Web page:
Should the US be worried about China’s growing influence in Latin America? With US attention on Iraq and Afghanistan, China has all too willingly filled the void in Latin America that the US has created. But experts that EurAsian Times talked to state that China’s trade does not encourage diversification of Latin American’s exports into more value-added goods; whilst Latin America’s exports to the US are more diversified and remain fairly balanced.
China has managed to emerge as Latin America’s biggest trading partner, where once the United States enjoyed overarching influence, major economic partner with bilateral trade standing at more than US$200 billion. At a time when China is aggressively campaigning for the success of its Belt and Road Initiative (BRI), Latin American countries are welcoming giant infrastructure investments and aid from Beijing.
Latin American leadership is keen on the prospect of becoming part of the comprehensive infrastructure plan, as evident in the presence of the Chilean and Argentine presidents at the Beijing Summit in 2017. And Brazil can’t be overlooked either.
As China and the United States fight each other over international trade and Washington apparently retreats from its role of the global champion of free trade, Beijing has increasingly turned to Brazil to fill the void, pouring money into a diversified portfolio of investments.
Besides food and energy, the Chinese have expanded into telecommunications, automotive, renewable energy and financial service sectors. Moreover, research by Eurasian Times shows that Chinese companies, between 2012 and 2016, invested in Brazil more than twice as much as its US counterparts did.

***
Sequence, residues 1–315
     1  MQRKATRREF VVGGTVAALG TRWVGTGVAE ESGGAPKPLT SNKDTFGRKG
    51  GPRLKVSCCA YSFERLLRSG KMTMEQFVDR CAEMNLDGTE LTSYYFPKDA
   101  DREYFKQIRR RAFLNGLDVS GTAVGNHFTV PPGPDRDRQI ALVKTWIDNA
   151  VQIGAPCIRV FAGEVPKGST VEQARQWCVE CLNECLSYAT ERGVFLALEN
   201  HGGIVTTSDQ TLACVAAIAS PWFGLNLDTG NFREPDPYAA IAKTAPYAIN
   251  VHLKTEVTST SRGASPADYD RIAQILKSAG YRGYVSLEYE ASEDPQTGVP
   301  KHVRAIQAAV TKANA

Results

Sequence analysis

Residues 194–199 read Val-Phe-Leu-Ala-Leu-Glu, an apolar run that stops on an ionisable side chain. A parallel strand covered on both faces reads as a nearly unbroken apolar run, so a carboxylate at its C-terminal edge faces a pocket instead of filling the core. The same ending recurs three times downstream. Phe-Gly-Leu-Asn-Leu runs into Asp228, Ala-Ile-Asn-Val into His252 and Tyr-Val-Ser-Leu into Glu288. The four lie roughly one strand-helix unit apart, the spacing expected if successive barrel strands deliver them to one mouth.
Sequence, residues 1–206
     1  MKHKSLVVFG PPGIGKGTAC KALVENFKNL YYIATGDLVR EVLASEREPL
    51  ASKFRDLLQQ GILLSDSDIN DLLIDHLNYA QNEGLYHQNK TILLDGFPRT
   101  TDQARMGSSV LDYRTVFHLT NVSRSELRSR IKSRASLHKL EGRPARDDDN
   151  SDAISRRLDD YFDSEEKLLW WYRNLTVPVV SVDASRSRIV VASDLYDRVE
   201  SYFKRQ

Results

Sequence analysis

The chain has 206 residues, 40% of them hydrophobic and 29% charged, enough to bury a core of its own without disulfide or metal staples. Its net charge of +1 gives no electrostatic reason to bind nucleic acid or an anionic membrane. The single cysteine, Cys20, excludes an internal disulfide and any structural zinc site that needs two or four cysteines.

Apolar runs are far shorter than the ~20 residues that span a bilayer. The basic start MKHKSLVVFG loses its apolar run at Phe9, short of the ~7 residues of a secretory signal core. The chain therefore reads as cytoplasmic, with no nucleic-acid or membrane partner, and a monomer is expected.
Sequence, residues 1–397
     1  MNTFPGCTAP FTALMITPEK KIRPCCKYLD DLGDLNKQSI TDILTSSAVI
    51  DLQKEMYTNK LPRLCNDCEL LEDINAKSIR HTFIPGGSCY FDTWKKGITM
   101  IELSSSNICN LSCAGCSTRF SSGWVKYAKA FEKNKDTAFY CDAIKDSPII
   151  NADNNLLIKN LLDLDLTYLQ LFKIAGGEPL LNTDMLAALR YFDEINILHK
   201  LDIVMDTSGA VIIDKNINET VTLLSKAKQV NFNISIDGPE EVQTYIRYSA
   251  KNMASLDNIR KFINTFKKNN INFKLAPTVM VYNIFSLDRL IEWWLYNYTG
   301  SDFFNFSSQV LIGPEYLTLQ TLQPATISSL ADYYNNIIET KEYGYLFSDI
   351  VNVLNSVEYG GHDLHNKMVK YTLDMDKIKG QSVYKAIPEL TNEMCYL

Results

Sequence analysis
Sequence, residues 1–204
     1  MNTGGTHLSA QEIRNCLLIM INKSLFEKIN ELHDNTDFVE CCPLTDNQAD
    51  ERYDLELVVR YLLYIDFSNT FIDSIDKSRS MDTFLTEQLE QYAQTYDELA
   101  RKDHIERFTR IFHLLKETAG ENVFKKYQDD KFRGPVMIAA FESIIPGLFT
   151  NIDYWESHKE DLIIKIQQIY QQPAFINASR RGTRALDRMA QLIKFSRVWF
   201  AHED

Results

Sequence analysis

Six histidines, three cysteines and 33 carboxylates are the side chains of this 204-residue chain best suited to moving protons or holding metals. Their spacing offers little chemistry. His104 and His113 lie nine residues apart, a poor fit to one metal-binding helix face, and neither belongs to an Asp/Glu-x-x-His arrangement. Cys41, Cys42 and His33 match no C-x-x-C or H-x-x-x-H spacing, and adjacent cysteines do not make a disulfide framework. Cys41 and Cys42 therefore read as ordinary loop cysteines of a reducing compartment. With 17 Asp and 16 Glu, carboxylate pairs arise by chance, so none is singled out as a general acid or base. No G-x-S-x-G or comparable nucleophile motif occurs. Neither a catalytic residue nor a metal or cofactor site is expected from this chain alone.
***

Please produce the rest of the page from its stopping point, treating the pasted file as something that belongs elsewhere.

Experts view the Brazil-China partnership as a ‘marriage’ between two emerging economic powers, with China being the fast-rising industrial, economic and political leader, and Brazil the agricultural and natural resources powerhouse.
According to the China Research Centre in South America, China has found some of the most well-endowed partners in the world. “China is devouring Latin American commodities and eyeing market of about 500 million (or more) people.”
Merco Press stated Wang Yunkun, the deputy director of the Agriculture and Rural Affairs Committee of the National People’s Congress saying “Countries in South America have arable land and need technology and investment, and they welcome our companies.
It’s a win-win solution.” China is in cooperation with Chile, Brazil, Venezuela, Ecuador, Argentina and Peru. The Asian giant’s thirst for natural resources, in search of sustainable supplies of oil, soy and iron ore to the South American region.
Deutsche Bank researcher Tamara Trinh said China’s agricultural demands have risen sharply in the last decade, no doubt attributed to the nations growing population. China is a major exporter of soy from Argentina and Brazil.
Data shows that China accounts for almost 40 per cent of the world’s soybean imports; Latin America’s vast agricultural sector is a perfect match for China’s needs. Trinh says “China is also the world’s leading importer of metal ores, a large percentage of it coming from South America. Brazil is China’s third largest supplier of iron ore and the largest exporter of iron ore in the world.”
On the infrastructure side, China is partnering with Brazil to improve the nation’s railways and establish a rail link to the Pacific to cut transportation costs of iron ore and soybeans. Beijing has also proposed a rail link in Colombia to rival the Panama Canal.
But some Brazilian experts worry that the country’s relationship with China is presenting a large trade imbalance that could negatively affect Brazil’s industries outside of agriculture and mining.
The experts further say that China’s trade does not encourage diversification of Latin American’s exports into more value-added goods; whilst Latin America’s exports to the US are more diversified and remain fairly balanced. But it has to be said that United States failure to be an effective regional partner has incentivised China to deepen cooperation with Latin American countries.